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Does a Strong Black Woman Make a Black Man Weak?

Saturday, Oct 23rd

Last update 07:02:40 PM EST

Does a Strong Black Woman Make a Black Man Weak?


After my best friend got a promotion, he complained to me about some of his superiors, who happened to be Black women. He felt as if they always went out of their way to disrespect him. Maybe they felt threatened, as if my friend, who is a Black man, didn't deserve his position or their respect.

Can a strong Black woman make a Black man weak? This is a question for all of us in the community to ponder. For those of us concerned about destroying false or dangerous perceptions in order to prevent harmful interactions between Black men and women, there are some things we can do to prevent it.

Family and romantic relationships in the Black community here in the United States traditionally have been under stress due to the added pressure of slavery and forced assimilation into an alien culture. With that added stress, historically, there has developed a perception that the Black community in the United States is matriarchal, with Black women out-achieving their Black male counterparts and thus becoming "Super Women."

Black sociologist, E. Franklin Frazier, wrote "The Black Bourgeoisie" in the 1950s. The Howard University luminary attacked the Black matriarchal structure, calling Black women "evil" for the emasculation of Black men by preventing them from being more involved in the family unit, and involved in the life's of their children.

But even as early as the 1940s, academics like Northwestern University anthropologist Melville Herskovits wrote on the phenomenon of the Black American matriarch. The founder of the first major African American Studies program in the nation said he believed the Black matriarch was a cultural norm that followed Blacks in slavery from West Africa.

The perception of the Black matriarch could not exist without the perception of the lesser or weak Black man. For Black men to allow themselves to be dominated or outdone by their female counterparts directly indicates their weak state in a traditionally male-dominated world.

The perception is really a misunderstanding of social phenomenon, as Black sociologist R. L'Heureux Lewis, assistant professor at the City College of New York, outlines in a new theory he calls, "Black male privilege." Lewis' theory is that Black males are privileged because the focus in the Black community always has been geared toward their failing. Lewis said he believes Black women then can become hidden, and we start to lose focus on their problems and issues, partly because the assumption is made that Black women are always strong.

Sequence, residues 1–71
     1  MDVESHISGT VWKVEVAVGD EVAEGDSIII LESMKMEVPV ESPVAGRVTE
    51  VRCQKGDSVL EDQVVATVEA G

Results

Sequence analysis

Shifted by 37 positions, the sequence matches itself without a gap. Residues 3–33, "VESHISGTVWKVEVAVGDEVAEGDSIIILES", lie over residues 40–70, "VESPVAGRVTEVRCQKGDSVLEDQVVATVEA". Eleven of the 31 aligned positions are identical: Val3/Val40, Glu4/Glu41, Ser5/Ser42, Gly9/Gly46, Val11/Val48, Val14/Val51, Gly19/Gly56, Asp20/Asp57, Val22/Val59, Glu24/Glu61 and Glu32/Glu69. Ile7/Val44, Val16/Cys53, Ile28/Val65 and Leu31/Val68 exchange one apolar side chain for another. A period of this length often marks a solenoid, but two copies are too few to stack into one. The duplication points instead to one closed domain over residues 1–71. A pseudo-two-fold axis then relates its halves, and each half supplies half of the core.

Lewis uses the example of incarceration rates. Though most people believe more Black men are incarcerated, Lewis asserts that the fastest growing prison population is Black and Hispanic women. This shows us how Black women can lose focus on their issues, while the debate tends to be centered on the weak social condition of Black men.

Lewis said he believes a closer look at the true social phenomenon indicates that Black women may be employed more than Black men in certain economic sectors, like the service industry or the medical field. However, employment opportunities with real power and security are just as elusive for Black women. Lewis said he believes the matriarchal perception of Black women comes from their numbers as heads of single-parent households.

Unfortunately, as these stereotypes and perceptions continue, today there still exists a consensus of people in the Black community who believe Black women emasculate Black men.

A leading Black psychologist and educator, Dr. Umar Abdullah Johnson, advances a theory that Black men systematically are emasculated by Western Culture as a plan to destroy the race. He said he believes the negative behavior of some Black males, such as sleeping with multiple partners and violence against other males, is an attempt to cure emasculation.

Johnson said he also believes because of a desensitized Black community that lacks the awareness of a complex and dedicated war on its people that Black women also aid in the emasculation process. Dr. Johnson said because of pain inflicted on Black women, the emasculation of her sons and other Black men by verbal and even physical abuse is an attempt to release pain.

Is there a way we can prevent these perceptions and stereotypes from doing internal damage to black male and female relationships? Are some of us in the Black community as misguided as sociologist Frazier to believe in the Black matriarch, and are we allowing that to cause a gender split?

As Dr. Johnson said, the black community needs to be aware of our separate realities and shared circumstances in a hostile cultural and racist environment.

There also need to be better lines of communication where ego is sacrificed on both sides. Black men need to allow Black women their growth and potential, while Black women should be aware of their partners' needs to be "men" and what that means to them.

It's also important to be aware of the different contributions Black men can make to a family and not allow broader perception to interfere.

Learn to pick your battles. There are certain things Black women can do to build stronger relationships:

• Don't attack a man's income or lack there of.
• Don't attack the type of jobs he has.
• Sometimes give in and show a submissive side.
• Try not to argue in public.
• Avoid demeaning comments.
• Avoid making comparisons to other men.

As Isis the black female rapper from the Xclan group said in the '90s, "Forget the ego; it takes a women and a man."

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